Netgear Arlo review

A wire-free approach to DIY home security

Netgear Arlo

TechRadar Verdict

Wire-free cameras make Arlo the most flexible surveillance kit around, but beware of battery life and camera range issues.


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    Highly flexible

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    720p recording

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    Real-time viewing

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    Waterproof cameras


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    Requires batteries

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    No local storage

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    No audio

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Monitoring your home premises has become a lot easier in recent years. Faster broadband connections and improvements in wireless router technology have made internet-based security solutions like Netgear's Arlo Smart Home Security System easier to setup and much more reliable.

Arlo joins a number of other wire-free home security devices like the Dropcam Pro, Closeli Simplicam and Belkin NetCam HD. While it doesn't pack any Minority Report-style features like facial recognition, its cameras are waterproof, meaning they're just as comfortable at the bottom of the garden as they are in the living room.

They're flexible too. If you don't want to stand them upright, various mounts are available for affixing them to walls, tree branches or other hard-to-reach areas. Unfortunately you can't pan or tilt cameras remotely, but Netgear says that such mounts are in development. Also bear in mind that thieves could potentially make off with cameras, so leaving them unsecured outside isn't a good idea.


Another drawback is that, unlike fixed-position video camera systems that are permanently connected to a power source, Arlo's cameras are battery-operated using CR123 lithium batteries.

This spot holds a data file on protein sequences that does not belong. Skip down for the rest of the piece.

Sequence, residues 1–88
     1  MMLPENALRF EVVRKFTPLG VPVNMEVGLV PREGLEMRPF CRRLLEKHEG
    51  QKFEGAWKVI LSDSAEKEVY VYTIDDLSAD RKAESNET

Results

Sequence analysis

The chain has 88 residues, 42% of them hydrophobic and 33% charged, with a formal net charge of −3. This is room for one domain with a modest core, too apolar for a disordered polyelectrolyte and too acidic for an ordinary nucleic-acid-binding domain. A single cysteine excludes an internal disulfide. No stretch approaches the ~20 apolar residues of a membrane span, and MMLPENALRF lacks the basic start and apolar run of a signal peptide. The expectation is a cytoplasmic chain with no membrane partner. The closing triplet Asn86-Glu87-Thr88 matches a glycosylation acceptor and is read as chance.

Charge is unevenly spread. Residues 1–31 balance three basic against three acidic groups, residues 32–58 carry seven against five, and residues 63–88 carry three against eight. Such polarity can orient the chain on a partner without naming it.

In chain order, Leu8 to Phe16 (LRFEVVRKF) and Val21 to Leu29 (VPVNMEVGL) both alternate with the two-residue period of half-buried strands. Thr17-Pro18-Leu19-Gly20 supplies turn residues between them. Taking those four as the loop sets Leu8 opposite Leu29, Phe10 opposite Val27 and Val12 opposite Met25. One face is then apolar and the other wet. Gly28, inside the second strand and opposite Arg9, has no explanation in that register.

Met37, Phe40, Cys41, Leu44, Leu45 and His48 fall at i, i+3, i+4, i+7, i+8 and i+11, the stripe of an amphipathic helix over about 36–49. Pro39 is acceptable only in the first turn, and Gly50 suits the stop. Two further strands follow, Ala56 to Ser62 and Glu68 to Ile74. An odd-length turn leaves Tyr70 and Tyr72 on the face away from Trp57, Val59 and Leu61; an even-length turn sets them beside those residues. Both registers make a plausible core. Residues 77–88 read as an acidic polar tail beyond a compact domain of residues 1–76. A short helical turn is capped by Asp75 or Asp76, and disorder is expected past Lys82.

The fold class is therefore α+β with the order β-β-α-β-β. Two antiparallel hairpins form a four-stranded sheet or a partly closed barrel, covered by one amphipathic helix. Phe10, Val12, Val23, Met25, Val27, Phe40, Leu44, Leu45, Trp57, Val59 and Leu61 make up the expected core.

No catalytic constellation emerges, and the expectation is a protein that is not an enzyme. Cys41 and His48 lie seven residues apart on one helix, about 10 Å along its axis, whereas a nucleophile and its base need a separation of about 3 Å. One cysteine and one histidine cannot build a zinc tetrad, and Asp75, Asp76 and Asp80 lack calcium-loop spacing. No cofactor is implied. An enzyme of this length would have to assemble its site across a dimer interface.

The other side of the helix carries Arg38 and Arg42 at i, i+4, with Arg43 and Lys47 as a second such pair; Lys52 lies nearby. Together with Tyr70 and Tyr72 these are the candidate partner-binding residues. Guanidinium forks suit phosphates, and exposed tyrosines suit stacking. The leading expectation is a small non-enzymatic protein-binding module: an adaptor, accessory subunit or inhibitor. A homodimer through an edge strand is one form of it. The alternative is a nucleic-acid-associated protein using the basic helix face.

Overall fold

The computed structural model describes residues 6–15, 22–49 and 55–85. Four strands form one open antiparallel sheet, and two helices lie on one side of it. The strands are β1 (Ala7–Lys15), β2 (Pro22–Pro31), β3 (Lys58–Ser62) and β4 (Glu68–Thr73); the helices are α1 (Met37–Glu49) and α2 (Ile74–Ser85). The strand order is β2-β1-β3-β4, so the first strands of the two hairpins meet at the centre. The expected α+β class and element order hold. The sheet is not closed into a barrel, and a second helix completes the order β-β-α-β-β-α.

The batteries aren't your typical AAA fare - they're capable of lasting between three and six months on a single charge so long as they're not continuously capturing footage throughout the day. But they still have to be changed once depleted, which could prove a pain for maintaining multi-camera setups - particularly if every camera is placed out of reach.


Securing your home isn't the only use for Arlo. You can view live footage being streamed from cameras in real-time using a web portal, Android or iOS app whether in or out of the home. It effectively doubles up as a handy surveillance monitor for checking on children, pets or anything else you want to keep an eye on. Unfortunately Arlo's cameras can't capture audio, so it's video-only.


Plans of action

Netgear offers three Arlo Security System packs that come with one, two or three cameras. Once you've chosen, you can pick from three price plans for cloud strage, which starts with a free basic package that comes with basic tech support and lets you use one base station with up to five cameras.

A base station can work with with up to 15 cameras on a technical level, but you'll only be able to activate so many depending on the price plan you're signed up to.

If you intend to use Arlo to capture individual incidents (rather than log hours of footage like you would with a camcorder), the basic package's 1GB of cloud storage, which lets you capture up to seven days of records, should suffice. You can either set the camera to stop recording once cloud storage is full, or alternatively delete clips starting with the oldest ones first.


The premier package, which costs $9.99/month or $99/year (currently £6.49/month or £64/year) includes unlimited phone-based technical support and lets you use one base station with up to 10 cameras. This package ups cloud storage space to 10GB , which Netgear reckons is enough for up to 30 days of recordings.

By subscribing to the Elite package (currently $14.99/month or $149/year - £9.99/month or £99/year), which includes the same support as the premier package, you can use up to three base stations with up to 15 cameras. Cloud storage space is bumped up to 100GB, enough for 60 days of cloud recordings.


Base stations contain no storage themselves but can also be used to connect external USB storage devices for saving footage locally rather than the cloud, so having three of them lets you potentially connect up to six external hard drives. Each base station has five lights along the bottom to indicator power, internet, camera sync status, ethernet and USB.

Kane Fulton
Kane has been fascinated by the endless possibilities of computers since first getting his hands on an Amiga 500+ back in 1991. These days he mostly lives in realm of VR, where he's working his way into the world Paddleball rankings in Rec Room.